In terms of developments in technology, I would say instructional materials for education because everything is going into tablets and computers, which means that the providers of those computers and their systems are making them accessible and usable – usable for everyone -, and that could be easier for us. I suppose the bottom challenge will be, if those systems are expensive, it might create a financial barrier for people. But for people with disabilities, if they are able to use the same technology as everyone, then it will be cheaper than disability-inclusive specialized material. When I was in high school I had to buy a “talking laptop,” and that was maybe about AUS $4,000. This was back in the 1990s. But these days I can get a laptop for a quarter of that price or probably even less than that.
I think the Convention on the Rights of Persons with Disabilities has started a new disability politics which is essentially a new era in how society views us and includes people with disabilities. So, moving forward, I think we are in this shift where we will have far-reaching consequences for inclusion, and technology providers have the opportunity to be at the forefront of enabling society for all uses.
Convention on the Rights of Persons with Disabilities
Adopted in 2016 and in force since 2008, the United Nations Convention on the Rights of Persons with Disabilities has the purpose to “promote, protect and ensure the full and equal enjoyment of all human rights and fundamental freedoms by all persons with disabilities, and to promote respect for their inherent dignity.”1 The Convention was ratified by 177 countries and has eight guiding principles:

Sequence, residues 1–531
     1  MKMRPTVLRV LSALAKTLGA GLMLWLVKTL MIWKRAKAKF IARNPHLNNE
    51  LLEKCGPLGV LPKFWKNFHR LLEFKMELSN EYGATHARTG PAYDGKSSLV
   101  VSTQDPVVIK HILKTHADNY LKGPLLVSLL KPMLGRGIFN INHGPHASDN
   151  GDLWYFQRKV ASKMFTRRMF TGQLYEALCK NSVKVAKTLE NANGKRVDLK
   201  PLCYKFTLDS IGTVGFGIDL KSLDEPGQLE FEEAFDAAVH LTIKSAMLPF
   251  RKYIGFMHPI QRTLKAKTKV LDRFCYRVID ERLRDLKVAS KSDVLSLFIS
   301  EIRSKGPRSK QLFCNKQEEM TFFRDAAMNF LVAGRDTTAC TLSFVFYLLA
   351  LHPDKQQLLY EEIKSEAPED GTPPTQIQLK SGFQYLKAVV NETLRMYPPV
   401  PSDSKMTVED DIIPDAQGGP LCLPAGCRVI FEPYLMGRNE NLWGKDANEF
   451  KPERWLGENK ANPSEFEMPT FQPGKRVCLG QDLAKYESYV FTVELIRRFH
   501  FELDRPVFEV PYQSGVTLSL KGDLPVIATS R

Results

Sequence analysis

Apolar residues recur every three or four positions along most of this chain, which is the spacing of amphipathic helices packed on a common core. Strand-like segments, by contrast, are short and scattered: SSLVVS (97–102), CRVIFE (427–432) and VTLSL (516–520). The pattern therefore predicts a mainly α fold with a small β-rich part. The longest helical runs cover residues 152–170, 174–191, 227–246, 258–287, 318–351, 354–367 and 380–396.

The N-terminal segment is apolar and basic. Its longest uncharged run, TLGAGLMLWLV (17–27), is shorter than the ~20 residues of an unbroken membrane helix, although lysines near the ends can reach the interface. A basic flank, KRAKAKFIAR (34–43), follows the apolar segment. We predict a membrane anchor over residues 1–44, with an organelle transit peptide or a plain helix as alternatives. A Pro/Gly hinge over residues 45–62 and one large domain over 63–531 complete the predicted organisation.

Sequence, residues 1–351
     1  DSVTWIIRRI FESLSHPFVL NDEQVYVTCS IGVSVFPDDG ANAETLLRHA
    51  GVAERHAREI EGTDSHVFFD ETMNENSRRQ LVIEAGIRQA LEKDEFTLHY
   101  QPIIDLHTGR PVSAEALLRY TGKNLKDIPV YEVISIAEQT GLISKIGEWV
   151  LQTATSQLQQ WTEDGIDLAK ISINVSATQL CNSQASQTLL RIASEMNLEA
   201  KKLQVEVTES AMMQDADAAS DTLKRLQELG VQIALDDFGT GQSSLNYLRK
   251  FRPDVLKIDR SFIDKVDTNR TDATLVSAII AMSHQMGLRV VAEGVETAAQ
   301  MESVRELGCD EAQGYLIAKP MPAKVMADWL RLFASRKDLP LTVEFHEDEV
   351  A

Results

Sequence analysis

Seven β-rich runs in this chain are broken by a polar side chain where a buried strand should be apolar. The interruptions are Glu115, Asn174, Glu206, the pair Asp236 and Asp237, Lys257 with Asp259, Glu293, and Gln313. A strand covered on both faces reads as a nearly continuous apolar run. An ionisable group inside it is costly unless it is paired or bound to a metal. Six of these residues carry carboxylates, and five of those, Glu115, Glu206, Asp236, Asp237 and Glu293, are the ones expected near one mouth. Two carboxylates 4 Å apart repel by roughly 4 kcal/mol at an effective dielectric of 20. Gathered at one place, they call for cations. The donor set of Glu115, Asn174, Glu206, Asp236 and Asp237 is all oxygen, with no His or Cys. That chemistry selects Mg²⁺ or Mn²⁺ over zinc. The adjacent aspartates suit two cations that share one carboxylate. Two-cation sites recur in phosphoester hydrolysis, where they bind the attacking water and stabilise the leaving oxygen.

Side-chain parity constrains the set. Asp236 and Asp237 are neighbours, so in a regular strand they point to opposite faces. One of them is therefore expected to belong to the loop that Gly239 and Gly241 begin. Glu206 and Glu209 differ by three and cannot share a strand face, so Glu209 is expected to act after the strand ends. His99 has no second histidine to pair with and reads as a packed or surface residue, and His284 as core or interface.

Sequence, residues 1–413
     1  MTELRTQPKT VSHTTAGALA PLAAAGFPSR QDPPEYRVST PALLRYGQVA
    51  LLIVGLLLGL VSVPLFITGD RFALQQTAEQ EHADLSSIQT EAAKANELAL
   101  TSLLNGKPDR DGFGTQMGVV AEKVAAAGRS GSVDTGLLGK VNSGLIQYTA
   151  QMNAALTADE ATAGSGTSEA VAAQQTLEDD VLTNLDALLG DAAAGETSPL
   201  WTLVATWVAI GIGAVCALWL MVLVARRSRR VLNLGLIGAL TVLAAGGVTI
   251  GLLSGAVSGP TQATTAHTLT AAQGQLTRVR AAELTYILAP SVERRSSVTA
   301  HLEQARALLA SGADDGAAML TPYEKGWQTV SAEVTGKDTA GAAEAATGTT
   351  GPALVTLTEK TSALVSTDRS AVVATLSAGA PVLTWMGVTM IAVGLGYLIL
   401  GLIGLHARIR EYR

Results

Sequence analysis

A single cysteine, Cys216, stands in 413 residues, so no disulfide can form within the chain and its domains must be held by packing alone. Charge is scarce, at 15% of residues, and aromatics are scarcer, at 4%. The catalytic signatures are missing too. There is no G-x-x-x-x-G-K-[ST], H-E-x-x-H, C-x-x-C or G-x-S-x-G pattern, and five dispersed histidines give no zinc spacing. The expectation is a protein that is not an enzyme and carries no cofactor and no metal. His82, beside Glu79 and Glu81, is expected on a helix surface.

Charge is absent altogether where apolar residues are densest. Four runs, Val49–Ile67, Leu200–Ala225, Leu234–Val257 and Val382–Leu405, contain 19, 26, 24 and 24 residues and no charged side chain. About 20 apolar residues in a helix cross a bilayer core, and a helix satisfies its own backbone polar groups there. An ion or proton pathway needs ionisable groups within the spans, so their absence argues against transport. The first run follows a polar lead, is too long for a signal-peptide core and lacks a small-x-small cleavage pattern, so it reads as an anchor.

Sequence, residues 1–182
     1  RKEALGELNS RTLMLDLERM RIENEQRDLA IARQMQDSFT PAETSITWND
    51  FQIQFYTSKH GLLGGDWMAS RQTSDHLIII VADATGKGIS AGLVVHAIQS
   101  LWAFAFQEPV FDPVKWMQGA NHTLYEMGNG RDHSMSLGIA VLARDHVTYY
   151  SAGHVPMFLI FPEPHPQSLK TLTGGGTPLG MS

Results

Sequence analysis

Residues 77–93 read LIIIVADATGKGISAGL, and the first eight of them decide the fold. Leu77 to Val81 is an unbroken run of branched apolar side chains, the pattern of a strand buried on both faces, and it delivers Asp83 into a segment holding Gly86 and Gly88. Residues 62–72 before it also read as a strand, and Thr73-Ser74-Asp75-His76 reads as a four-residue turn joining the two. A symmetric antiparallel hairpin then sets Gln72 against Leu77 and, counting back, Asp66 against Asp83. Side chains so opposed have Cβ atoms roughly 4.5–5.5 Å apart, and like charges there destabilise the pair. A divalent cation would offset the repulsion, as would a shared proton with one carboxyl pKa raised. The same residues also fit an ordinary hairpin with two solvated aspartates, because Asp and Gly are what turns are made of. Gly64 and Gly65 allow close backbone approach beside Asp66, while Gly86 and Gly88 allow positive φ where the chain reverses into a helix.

1. Respect for inherent dignity, individual autonomy including the freedom to make one’s own choices, and independence of persons
3. Full and effective participation and inclusion in society
4. Respect for difference and acceptance of persons with disabilities as part of human diversity and humanity
5. Equality of opportunity
7. Equality between men and women
8. Respect for the evolving capacities of children with disabilities and respect for the right of children with disabilities to preserve their identities
The main goal of the Marrakesh Treaty to Facilitate Access to Published Works for Persons Who Are Blind, Visually Impaired, or Otherwise Print Disabled (adopted in 2013 and in force since 2016) is to create a set of mandatory limitations and exceptions for the benefit of people with such disabilities.2 The global “book famine” is addressed in the Treaty in two ways:
– The Treaty enables authorized entities, such as blind persons’ organizations and libraries, to more easily reproduce works into accessible formats for non-profit distribution.3
– It also permits authorized entities to share accessible books and other printed materials with other authorized entities from different countries.3
Global Accessibility Awareness Day
To Dr. Paul Harpur, there are several reasons, beyond legal requirements, for universities to make accessibility a priority. One of them is the economic argument which indicates, “Accessible universities help people move from welfare to being economic actors in the community.”1
1 United Nations. (n.d.). Convention on the Rights of Persons with Disabilities – Articles. Retrieved May 16, 2018, from https://www.un.org/development/desa/disabilities/convention-on-the-rights-of-persons-with-disabilities/convention-on-the-rights-of-persons-with-disabilities-2.html.
2 World Intelectual Property Organization. (n.d.). Summary of the Marrakesh Treaty to Facilitate Access to Published Works for Persons Who Are Blind, Visually Impaired, or Otherwise Print Disabled (MVT) (2013). Retrieved May 16, 2018, from http://www.wipo.int/treaties/en/ip/marrakesh/
3 World Blind Union. (2016, April 23). Millions of People are Denied Access to Books and Printed Materials – WBU Press Release for World Book and Copyright Day. Retrieved May 16, 2018, from http://www.worldblindunion.org/English/news/Pages/Millions-of-People-are-Denied-Access-to-.aspx
Photos by: Dr Paul Harpur’s photograph – ‘Image courtesy of The University of Queensland.’